16mm Projects

Adding Brakes : Steve Smith

Adding Brakes to existing wagons

19 years ago, when I first equipped Aireside Railway with a couple of wagons, I turned to Brandbright for their simple kits. I acquired 2 of GS14, 3 plank opens. Over the years I have rebuilt and modified them and they now run as a 2 plank paired set coupled together with link and pin couplings. The latest mod has been to add brake gear and you may be interested in my approach. The following assumes you might like to try reproduce my design.

It may sound pretty obvious but the wagon needs to be up-side-down and well supported until the work is complete. I soldered but you may find epoxy glue has a chance. Study the photos to understand how the brakes work, both manually and via the vacuum system. The outside handle and the vacuum cylinder need to be at the same end of the wagon and the brake shoes are pushed onto the wheels through the turning of the cross wagon bar.

In the original Brandbright design, the axle guards were attached to the wagon frame with small round headed wood screws from inside the frames. This brake installation starts with replacing these wood screws with bolts through from outside on which the braking equipment can be attached. I used 1 inch 8ba round headed bolts, later cut to length, with nuts inside.

The brake foundation is a piece of brass flat of ¼” x 1/16”, cut to a length, approx 60mm, one for each side of the wagon. When drilled at either end, they will hang on the two axle guard 8ba bolts. The no43 drill (8ba clearance drill) was offset from lengthwise centre to ensure this foundation did not protrude below the frame but centre alignment would probably be ok. I found that on my wagons, the axle guards (and therefore wheels) were not truly square across the wagon so both foundations needed to be made to suit each side and marked appropriately. The centre of the foundation is marked and squared at 30mm.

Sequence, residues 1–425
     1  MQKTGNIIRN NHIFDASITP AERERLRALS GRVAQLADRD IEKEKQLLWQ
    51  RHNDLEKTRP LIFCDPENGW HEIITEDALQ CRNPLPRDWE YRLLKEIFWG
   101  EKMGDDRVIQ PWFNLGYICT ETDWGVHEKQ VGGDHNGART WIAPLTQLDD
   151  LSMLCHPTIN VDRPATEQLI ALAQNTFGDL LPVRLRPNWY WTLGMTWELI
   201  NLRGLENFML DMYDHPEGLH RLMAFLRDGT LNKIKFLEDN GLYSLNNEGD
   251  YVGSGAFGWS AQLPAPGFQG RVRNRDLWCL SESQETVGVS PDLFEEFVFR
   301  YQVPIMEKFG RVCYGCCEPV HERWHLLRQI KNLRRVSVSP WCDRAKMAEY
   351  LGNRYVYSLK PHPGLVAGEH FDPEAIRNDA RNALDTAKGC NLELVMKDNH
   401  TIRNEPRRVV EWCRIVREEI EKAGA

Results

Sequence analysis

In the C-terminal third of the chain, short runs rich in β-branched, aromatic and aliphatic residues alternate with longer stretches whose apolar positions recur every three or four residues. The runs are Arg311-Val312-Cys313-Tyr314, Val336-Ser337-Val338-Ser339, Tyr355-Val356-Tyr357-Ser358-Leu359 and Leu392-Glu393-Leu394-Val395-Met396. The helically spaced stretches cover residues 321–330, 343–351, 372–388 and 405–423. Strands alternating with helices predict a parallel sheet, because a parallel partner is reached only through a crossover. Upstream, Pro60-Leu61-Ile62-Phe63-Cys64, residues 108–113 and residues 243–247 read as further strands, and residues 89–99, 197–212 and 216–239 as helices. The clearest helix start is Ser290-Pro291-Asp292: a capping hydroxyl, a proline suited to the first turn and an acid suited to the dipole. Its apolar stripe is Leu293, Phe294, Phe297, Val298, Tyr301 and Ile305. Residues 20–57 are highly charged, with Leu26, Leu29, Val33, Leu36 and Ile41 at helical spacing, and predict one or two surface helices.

Photo 1 Wagon 27 prior to painting. Note the foundation piece bolted to the inner fixing of the axel guards, the “V” hangers, cross bar, the brake shoes and linkage to the swivel (immediately behind the nearside “V” hanger) the linkage keeps and the vacuum cylinder.

A “V” shaped hanger for each side is required. This will support the cross bar on which all the gear will hang. I used 1/16th brass rod bent to approx 40 degrees. These were centred and soldered to the foundation. A bearing/keep is required for the cross bar in the form of a small brass flat. This was soldered to the “point” of the hanger and filed to shape. The cross bar is 1/16th brass rod and both keeps were drilled to take the rod. The cross bar is the fulcrum for the operation of the brakes and I therefore used the wheel centres as the alignment for the position of the bar. This clearly has a knock back impact on the length of the “V” hanger. So my hangers were 19mm from the floor of the wagon and the cross bar is 16mm from the floor. Ensure the cross bar is square across the wagon.

Now the foundation can be fasten onto the axle guard bolts for the further work.

The cross bar was cut to a length of 65mm and threaded 10ba at one end perhaps 5mm length. A nut was tightened into the none-thread bar and with a washer passed through the hangers. My “V” hangers are approx 40mm apart and the opposite end is then threaded for 20mm so that the bar can be tightened between hangers leaving 15mm plus to mount the manual brake handle.

Now here comes the first tricky bit. Saw a piece of ¼” x 1/16” brass down the centre for 80mm to provide 2 pieces 1/8” x 1/16” (less saw cut) unless you can source commercially provided bar/rod of that dimension – and if you can please let me know where! I used a Junior Hack saw very luckily without too much wandering so I could file out the discrepancies. You would be providing the manual braked handle (approx 75mm), link to the vacuum cylinder (approx 32mm) a swivel lever (approx 15mm) and a brake handle keep (approx 25mm).